Manila Casinos Bid To Rival Las Vegas
BMI View: The plans of Belle Corp. and Australian-Hong Kong Melco Crown Entertainment to open a US$1bn casino complex highlight the Philippine government's goal of establishing the country as a tourism and gaming hub. A US$5bn development of casinos along a stretch of Manila's coast supports our positive outlook of 6.6% year-on-year real growth for 2012 and reflects the increasing confidence in a country where consumer purchasing power is on the rise and the government has committed to heavy investment in infrastructure projects. Yet, downside risks abound, especially those presented by a Chinese economic slowdown, opposition from the strongly entrenched Roman Catholic Church, and increasing competition from regional neighbours.
Under the agreement, Belle Corp (an affiliate of SM Investments Corp, owned by the richest man in the Philippines, Henry Sy) has formed a consortium with Melco Crown Entertainment ( MCE), a joint venture between Hong Kong's Melco International Development Ltd. and Australian Crown Ltd. The entertainment and leisure giants - led by the sons of Stanley Ho and Kerry Packer - are hoping to finalise agreements pertaining to the 'Belle Casino' integrated resort within the next two months. MPEL Projects, a unit of MCE, have disclosed to the Hong Kong Stock Exchange that they will invest up to US$580mn in the project, using cash, cash flow and debt financing and possibly with the help of US$320mn loan facility.
Belle is looking to MCE for help in developing the build after the JV's success in Macau. One of only six casino operators licensed in Chinese Special Administrative Region (SAR), MCE control a number of landmark attractions including the City Of Dreams complex, the Grand Hyatt and Crown Towers Hotels and the Hard Rock Hotel and Casino.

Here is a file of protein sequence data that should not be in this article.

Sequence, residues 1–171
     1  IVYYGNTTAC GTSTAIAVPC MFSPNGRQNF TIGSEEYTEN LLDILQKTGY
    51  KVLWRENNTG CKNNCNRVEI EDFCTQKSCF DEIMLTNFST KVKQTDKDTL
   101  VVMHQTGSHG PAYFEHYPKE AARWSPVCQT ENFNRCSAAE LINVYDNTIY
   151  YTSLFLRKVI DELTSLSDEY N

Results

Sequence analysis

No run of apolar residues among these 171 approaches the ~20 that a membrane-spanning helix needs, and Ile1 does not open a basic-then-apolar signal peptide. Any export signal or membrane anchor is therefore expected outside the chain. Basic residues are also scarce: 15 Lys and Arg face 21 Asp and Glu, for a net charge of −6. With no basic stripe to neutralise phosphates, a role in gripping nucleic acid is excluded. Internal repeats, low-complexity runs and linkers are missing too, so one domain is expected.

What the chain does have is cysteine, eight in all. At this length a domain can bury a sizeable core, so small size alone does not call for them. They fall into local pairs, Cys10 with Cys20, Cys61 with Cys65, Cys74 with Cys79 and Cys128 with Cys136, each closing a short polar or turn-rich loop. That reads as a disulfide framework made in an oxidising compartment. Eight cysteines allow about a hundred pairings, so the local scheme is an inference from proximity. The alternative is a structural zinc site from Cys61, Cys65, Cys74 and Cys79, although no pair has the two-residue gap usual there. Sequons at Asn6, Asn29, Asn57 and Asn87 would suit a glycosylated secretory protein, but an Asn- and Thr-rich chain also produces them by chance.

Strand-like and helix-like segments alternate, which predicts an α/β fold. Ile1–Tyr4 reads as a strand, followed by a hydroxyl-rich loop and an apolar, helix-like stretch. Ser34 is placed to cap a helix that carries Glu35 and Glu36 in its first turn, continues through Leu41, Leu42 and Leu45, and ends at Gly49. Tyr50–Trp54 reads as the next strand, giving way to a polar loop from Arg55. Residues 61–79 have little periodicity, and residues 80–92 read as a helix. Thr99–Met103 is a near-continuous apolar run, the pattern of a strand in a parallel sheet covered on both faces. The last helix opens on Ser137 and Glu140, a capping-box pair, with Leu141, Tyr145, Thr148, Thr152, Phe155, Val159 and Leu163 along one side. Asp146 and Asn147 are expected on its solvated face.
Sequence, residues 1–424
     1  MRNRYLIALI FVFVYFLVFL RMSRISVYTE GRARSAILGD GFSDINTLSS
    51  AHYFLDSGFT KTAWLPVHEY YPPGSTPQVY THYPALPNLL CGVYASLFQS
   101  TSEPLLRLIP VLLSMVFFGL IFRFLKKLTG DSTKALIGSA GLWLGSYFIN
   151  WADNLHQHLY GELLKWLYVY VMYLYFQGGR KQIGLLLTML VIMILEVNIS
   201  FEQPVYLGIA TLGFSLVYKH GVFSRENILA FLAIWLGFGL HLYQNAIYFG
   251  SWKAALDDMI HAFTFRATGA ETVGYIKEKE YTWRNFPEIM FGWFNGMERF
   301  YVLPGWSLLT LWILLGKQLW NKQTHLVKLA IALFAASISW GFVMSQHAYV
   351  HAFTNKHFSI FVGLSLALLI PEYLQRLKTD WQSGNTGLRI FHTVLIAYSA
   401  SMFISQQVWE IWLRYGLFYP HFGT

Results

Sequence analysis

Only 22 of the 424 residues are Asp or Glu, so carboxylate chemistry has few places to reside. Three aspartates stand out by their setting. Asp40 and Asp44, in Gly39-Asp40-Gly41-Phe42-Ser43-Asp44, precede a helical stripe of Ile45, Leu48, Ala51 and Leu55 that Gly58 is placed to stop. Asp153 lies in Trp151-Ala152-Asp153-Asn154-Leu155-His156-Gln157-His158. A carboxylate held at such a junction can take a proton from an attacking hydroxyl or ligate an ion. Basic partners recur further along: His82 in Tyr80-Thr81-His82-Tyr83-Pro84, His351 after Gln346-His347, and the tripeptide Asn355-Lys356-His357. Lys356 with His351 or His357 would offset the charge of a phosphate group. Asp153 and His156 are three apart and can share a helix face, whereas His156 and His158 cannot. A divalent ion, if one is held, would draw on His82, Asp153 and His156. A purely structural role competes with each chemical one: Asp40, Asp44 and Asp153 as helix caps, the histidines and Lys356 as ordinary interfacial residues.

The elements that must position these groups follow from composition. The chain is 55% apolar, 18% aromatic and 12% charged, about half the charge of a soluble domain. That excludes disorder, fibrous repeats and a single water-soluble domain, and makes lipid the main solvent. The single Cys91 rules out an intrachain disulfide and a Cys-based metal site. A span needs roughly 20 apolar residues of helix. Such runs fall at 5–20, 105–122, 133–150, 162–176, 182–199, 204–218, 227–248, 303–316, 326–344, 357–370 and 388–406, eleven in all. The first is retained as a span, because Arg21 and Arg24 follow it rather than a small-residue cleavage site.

|Consortium Betting On East Asian Demand|
|Global Gaming Industry Revenues|
Chinese Up The Ante
We believe that, due to the competitive environment of the Asian gaming market, a business-friendly tax regime and relatively low construction costs, the consortium's investment should see decent returns over the medium term, with the sector offering the potential for other firms to diversify and gain the benefits flowing from a long run expansion of the Philippine economy. However, a serious downside risk is offered by the potential for slowdown in the Chinese economy which is becoming observable in Macau's gaming industry construction space.
The Philippine government see the huge 'Belle Casino' development as part of a broader strategy to position Manila, which has long fostered a significant gaming market, as the world's second wealthiest gambling destination - ahead of Singapore and Las Vegas and second only to Macau. Belle has gained one of four licences to build in 'Entertainment City,' a new development on Manila Bay which the Philippine Amusement and Gaming Corp. hope will rival the Las Vegas Strip.
Other licensees for the project are Malyasia's Genting Group, Philippines-based Bloomberry Resorts Corp., and Japanese Universal Entertainment Corp. At around US$2bn, the Japanese firm's investment is slated to be the largest, with Bloomberry's US$1.2bn Solaire Manila casino-hotel expected to open next year. In sum, Entertainment Bay should cost approximately US$5bn - a reasonably small figure in an industry in which builds come with large price-tags: in Singapore, the stand-alone Marina Bay Sands and Resort World Sentosa complexes cost US$6.9bn and US$5.7bn respectively; in Macau, Wynn and Sands China are completing complexes worth US$4bn and US$4.4bn.